These businesses can open in L.A. County beginning Friday

Jene J. Long
Manager Danny Justman at Pawnmart in Norwalk. <span class="copyright">(Wally Skalij / Los Angeles Times)</span>
Manager Danny Justman at Pawnmart in Norwalk. (Wally Skalij / Los Angeles Times)

It’s not much, but Los Angeles County announced the very first steps in easing stay-at-home rules that have slowed the spread of coronavirus.

While some counties have defied the state and reopened widely, Los Angeles County said its easing efforts are much more modest, given the region remains the epicenter of coronavirus in California with more than 1,300 deaths.

Florists, car dealers and various types of brick-and-mortar stores — including those that sell toys, music, books, clothing and sporting goods — will be allowed to be open for curbside pickup only. In-store shopping will not be permitted.

Here are details:

Nonessential business: reopening for curbside pick-up with adherence to distancing and infection-control protocols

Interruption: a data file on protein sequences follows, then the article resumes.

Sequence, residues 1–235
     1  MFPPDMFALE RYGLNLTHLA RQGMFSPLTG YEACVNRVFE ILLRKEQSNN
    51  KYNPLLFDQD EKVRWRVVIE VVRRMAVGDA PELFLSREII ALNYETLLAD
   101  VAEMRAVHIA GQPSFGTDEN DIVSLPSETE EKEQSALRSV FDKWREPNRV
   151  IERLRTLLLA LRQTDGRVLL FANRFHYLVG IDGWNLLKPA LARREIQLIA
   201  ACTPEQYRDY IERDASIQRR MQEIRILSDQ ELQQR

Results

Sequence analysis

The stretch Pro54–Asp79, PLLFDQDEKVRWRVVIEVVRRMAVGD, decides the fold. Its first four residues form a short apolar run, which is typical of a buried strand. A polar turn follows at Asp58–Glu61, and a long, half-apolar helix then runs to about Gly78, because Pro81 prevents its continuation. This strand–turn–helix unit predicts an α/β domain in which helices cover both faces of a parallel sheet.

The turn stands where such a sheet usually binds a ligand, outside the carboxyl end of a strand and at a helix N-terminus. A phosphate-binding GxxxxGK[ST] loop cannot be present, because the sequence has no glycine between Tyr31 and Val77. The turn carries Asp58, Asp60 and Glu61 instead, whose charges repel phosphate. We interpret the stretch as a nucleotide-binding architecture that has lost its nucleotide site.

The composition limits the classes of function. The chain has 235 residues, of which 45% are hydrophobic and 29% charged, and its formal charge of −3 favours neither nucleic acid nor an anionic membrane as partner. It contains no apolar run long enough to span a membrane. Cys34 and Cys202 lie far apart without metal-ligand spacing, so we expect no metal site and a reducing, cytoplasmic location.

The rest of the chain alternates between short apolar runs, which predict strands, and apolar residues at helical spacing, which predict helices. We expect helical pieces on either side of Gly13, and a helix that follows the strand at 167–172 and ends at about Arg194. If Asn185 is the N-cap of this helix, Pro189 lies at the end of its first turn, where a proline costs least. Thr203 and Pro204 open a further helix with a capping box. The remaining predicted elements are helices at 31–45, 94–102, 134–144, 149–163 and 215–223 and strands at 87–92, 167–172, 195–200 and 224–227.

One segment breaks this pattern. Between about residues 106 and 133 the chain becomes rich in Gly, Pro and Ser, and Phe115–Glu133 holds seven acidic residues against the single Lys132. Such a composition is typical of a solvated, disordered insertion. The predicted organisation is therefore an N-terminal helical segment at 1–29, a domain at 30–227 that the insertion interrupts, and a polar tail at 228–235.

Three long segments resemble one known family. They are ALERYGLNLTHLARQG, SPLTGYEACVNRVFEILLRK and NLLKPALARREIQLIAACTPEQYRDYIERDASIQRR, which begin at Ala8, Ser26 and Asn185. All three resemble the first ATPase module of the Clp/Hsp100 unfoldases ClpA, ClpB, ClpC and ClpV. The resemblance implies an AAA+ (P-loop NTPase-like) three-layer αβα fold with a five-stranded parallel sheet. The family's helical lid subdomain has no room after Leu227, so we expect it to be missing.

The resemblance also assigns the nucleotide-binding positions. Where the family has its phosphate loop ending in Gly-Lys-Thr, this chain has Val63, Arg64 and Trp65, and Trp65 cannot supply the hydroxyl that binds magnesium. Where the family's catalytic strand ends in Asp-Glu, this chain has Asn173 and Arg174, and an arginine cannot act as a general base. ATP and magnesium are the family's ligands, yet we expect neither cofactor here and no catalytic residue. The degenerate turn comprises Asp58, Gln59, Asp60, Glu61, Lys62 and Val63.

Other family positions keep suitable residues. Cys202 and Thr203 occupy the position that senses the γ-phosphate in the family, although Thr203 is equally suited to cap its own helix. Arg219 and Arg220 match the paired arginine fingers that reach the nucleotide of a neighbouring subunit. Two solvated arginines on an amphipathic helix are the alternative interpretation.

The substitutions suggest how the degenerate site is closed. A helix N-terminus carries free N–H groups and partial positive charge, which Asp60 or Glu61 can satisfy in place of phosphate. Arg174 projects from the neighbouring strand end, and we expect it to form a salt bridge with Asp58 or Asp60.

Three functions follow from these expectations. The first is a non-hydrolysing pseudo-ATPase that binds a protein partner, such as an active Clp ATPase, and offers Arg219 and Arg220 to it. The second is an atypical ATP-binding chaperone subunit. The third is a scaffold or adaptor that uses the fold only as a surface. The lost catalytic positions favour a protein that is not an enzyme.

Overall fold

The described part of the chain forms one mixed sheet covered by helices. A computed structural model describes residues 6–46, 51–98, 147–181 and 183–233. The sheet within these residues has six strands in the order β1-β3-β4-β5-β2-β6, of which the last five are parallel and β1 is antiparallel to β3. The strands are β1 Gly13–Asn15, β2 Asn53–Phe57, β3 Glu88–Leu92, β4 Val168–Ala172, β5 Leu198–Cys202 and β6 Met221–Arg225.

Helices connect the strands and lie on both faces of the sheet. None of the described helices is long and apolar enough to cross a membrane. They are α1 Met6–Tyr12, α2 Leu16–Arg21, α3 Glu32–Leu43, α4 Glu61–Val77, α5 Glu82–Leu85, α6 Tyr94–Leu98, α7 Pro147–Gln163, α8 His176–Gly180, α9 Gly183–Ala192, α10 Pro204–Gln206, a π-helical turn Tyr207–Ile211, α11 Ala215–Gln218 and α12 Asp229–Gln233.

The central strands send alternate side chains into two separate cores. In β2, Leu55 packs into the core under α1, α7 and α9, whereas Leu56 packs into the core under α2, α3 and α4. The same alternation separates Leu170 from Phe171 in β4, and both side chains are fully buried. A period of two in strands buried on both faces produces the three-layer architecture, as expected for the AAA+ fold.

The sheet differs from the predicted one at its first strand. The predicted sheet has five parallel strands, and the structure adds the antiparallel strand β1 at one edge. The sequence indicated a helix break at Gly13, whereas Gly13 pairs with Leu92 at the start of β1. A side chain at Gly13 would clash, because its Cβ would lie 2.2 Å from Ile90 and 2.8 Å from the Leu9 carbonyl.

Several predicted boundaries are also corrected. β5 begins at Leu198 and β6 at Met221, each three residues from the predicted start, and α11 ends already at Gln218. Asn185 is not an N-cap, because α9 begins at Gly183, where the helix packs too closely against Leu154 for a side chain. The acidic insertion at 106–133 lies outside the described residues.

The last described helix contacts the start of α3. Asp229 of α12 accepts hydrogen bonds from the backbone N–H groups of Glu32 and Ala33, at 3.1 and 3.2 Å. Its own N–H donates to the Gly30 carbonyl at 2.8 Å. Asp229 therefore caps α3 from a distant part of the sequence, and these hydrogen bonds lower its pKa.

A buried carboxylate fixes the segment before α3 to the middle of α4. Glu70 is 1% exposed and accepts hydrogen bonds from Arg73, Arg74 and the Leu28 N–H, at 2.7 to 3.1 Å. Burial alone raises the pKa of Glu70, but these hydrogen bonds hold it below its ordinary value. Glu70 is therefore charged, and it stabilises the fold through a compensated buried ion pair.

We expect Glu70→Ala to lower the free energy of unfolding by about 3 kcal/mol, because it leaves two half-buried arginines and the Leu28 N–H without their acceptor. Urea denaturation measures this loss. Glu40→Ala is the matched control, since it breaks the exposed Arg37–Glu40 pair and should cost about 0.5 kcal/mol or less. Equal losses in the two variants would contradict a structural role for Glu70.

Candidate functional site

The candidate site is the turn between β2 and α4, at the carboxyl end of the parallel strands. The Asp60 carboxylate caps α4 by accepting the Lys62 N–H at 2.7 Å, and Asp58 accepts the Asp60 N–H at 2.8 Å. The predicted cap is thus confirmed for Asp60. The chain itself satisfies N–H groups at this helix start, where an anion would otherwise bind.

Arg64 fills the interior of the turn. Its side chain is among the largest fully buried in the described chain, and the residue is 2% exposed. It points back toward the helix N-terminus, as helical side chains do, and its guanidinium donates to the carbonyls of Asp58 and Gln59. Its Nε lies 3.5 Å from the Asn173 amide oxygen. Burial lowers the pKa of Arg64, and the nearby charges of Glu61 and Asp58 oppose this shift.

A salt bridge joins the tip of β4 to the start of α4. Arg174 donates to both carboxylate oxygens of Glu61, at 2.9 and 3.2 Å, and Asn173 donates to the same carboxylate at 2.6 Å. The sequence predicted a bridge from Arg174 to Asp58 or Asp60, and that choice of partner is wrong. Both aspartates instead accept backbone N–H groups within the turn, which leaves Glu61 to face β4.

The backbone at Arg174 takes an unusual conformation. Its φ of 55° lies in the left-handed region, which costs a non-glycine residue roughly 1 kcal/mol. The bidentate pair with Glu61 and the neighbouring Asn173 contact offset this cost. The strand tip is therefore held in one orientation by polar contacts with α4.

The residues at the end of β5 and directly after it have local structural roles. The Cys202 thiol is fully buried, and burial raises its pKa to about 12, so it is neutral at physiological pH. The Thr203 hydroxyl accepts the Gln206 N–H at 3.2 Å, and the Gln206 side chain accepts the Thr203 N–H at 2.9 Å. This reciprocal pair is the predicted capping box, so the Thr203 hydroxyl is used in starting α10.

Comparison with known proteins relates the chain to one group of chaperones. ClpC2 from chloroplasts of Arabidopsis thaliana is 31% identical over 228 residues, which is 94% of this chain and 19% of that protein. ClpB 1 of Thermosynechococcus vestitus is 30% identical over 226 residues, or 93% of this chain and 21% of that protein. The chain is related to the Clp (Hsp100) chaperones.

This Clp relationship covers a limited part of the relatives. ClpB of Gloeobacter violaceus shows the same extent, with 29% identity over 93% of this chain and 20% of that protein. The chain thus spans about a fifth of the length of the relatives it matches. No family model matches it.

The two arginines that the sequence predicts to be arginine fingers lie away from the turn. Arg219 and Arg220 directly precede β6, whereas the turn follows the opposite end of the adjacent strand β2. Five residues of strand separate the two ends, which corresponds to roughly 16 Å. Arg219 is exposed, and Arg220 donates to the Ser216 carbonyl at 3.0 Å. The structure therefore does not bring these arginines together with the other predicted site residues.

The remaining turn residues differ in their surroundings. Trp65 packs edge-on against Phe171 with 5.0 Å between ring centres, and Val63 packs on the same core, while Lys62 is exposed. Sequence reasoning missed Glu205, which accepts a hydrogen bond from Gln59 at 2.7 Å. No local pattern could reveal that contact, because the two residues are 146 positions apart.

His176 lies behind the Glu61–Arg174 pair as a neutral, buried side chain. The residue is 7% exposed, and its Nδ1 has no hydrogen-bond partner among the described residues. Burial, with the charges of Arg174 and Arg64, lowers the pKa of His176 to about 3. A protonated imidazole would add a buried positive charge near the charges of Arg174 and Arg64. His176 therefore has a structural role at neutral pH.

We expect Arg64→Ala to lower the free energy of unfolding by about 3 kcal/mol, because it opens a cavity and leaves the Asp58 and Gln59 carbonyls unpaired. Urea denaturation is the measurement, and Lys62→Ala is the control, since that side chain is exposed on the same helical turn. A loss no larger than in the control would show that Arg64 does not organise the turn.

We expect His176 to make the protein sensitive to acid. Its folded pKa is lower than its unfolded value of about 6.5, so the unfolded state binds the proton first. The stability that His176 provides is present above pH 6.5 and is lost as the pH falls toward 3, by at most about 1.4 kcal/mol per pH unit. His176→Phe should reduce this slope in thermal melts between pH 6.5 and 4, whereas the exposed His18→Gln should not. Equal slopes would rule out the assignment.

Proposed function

Outdoor parks and recreational facilities are open provided all activities adhere to distancing and infection-control protocols

These rules remain:

  • Wear a face covering

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60 new coronavirus cases in Meck. County ends local stay-at-home order to match NC rules

Jene J. Long

Mecklenburg County’s total coronavirus cases reached 1,627, according to state health data Thursday morning, and local officials say at least 734 of those people have recovered.

County health officials said Thursday 49 people with COVID-19 have died locally.

The state’s tally adds 60 new cases from the previous day, the Department of Health and Human Services reported.

The number of new cases on Thursday is slightly higher than what the county has seen for the last seven days. In the last week, the county has seen average of 38 new cases each day.

However, health officials have said the day-to-day change in the number of cases will fluctuate, based on testing backlog, criteria for testing, and access to tests. Mecklenburg County’s health director has warned that the number of cases is a limited view, and that many people who have COVID-19 may not be tested.

Mecklenburg, which unlike the

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